[access-uk] Re: Ethics of book sharing services

Ooh, didn't realise that SBP had been over-run with orders.  Do we know
how many orders they took?  



-----Original Message-----
From: access-uk@xxxxxxxxxxxxx [mailto:access-uk@xxxxxxxxxxxxx] On Behalf
Of James O'Dell
Sent: 19 April 2005 18:01
To: access-uk@xxxxxxxxxxxxx
Subject: [access-uk] Re: Ethics of book sharing services



> James,
>
>    The Harry Potter books are the only books, to my knowledge, to have
> been made available in audio format, unabridged, at the behest of the 
> author.

Not for reasons of accessibility though, probably down to a very worthy 
preference for unabridged audio and the story being told as the author 
intended, which I share.


 The
> delay in the publication of the audio version last time wasn't an
> accessibility issue. It was due to problems finding time in Stephen
Fry's 
> schedule. The American audio version was available almost immediately.

It becomes an accessibility issue if
 it prevents people from accessing the book at all, particularly given
the 
buildup to its publication and the fact that blind children wouldn't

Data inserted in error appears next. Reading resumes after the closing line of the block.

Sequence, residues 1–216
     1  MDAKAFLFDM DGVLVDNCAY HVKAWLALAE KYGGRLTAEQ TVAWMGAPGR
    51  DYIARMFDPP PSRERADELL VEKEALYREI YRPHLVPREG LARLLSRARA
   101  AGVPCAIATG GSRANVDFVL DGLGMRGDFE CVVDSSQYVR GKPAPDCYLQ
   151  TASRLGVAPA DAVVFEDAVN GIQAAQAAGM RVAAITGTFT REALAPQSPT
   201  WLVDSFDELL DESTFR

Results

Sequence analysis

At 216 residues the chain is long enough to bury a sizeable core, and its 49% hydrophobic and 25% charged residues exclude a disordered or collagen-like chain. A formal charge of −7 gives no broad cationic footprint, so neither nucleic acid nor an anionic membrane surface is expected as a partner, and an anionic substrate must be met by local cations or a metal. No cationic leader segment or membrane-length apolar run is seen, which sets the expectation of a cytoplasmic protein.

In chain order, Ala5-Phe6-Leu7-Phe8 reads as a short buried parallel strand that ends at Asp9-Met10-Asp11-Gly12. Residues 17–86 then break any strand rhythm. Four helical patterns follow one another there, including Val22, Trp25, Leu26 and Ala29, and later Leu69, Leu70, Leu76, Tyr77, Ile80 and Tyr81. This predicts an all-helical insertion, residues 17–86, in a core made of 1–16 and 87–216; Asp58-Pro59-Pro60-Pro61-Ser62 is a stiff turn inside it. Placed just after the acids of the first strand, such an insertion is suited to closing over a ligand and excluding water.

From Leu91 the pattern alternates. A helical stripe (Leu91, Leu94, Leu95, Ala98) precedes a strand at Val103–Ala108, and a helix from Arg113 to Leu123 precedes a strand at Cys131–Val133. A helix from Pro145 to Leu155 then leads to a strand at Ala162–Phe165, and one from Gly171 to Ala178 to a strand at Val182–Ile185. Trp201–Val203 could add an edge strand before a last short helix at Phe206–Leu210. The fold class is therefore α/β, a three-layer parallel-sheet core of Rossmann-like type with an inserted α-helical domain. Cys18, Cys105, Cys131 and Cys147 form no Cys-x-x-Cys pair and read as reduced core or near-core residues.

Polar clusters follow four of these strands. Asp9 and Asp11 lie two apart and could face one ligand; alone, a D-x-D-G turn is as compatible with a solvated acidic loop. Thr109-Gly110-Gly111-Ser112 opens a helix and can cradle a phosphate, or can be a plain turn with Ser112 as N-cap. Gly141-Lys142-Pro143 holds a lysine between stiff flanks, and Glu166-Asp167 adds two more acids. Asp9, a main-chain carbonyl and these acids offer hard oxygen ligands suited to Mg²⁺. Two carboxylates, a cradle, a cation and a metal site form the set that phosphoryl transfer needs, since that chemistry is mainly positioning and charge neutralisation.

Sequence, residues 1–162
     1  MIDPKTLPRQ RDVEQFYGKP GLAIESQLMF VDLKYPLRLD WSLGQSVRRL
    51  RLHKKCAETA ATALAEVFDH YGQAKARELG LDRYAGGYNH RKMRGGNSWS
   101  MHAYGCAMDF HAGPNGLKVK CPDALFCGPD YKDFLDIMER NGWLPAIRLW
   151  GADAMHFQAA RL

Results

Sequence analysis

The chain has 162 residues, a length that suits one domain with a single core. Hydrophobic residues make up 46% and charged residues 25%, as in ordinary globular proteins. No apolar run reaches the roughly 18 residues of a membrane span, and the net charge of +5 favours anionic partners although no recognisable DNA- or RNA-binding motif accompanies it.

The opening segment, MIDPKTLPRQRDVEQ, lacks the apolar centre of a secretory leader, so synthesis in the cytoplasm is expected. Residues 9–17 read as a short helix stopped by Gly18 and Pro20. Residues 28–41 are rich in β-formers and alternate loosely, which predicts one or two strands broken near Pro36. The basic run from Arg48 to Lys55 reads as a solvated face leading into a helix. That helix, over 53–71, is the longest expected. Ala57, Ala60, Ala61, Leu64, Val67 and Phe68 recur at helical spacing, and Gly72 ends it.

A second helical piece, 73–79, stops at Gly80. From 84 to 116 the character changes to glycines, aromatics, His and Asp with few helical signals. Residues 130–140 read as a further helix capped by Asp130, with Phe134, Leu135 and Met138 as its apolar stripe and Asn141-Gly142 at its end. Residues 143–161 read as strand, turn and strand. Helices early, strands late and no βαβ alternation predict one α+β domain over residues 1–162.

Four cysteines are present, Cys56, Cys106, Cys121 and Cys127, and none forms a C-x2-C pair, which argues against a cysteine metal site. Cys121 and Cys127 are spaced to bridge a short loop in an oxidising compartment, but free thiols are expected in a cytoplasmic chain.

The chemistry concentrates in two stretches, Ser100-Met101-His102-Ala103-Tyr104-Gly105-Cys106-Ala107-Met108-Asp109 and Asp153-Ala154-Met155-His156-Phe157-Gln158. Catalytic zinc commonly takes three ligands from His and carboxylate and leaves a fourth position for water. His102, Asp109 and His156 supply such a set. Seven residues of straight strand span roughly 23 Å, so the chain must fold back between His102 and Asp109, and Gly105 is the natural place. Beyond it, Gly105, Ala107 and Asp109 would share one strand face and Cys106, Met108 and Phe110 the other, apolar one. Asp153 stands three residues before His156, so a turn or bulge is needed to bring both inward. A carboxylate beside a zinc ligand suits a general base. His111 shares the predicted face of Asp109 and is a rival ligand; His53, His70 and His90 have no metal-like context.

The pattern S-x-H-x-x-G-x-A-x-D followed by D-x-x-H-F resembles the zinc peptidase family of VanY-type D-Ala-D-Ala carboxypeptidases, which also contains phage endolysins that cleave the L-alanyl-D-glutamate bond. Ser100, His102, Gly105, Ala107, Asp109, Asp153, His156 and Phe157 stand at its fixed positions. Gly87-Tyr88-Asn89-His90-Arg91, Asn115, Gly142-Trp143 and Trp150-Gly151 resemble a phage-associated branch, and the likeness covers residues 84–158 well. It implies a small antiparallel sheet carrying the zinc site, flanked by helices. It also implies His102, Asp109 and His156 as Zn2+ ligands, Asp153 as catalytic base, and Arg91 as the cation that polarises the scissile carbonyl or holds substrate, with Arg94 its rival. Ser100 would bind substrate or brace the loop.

ahve 
been able to share the book with sited piers when it was originally 
published.

>    Problems with the Scottish Braille telephone answering service are 
> not
> the responsibility of the author or publishers, even if the initial 
> responsibility to create accessible format versions is.

Exactly.  The Scottish Braille Press did an admirable job.  the reason I

mentioned them having to deal with all of those invoices etc was to
point 
out that, as a charity, they were overwhelmed with orders for this book,
and 
that just shows the difference in scale between people like Scottish
Braille 
Press and the big publishers, and that they can't be expected to manage
the 
whole book industry for blind people on their own, as so many publishers

seem to expect them to.

>    The fact that these books are made available to the mainstream 
> market
> is.
> a step forward. The fact that they are unabridged is one step more. 
> They're still expensive and the timing last time around wasn't ideal,
but 
> let's not waste time bashing one of the few authors/publishers where
some 
> progress is being made.

Yes, progress is being made, but I doubt much of this is really aimed at

improving access, we are just riding on the back of mainstream
provision. 
If we can't get the same access, at the same time, at the same price,
with 
mmaterial as commercially popular as Harry potter, that is guaranteed to

sell well, what hope have we got with lesser-known works?  The people
who 
deserve the real credit are people like Michael Palin, who has worked
with 
the specialist libraries to make his books accessible.  He may be
nearing 
the end of his travelling career, but I could imagine him recording his 
books and making the electronic versions available to NLB even if  BBC
Audio 
Books were to lose interest.

Cheers

James 

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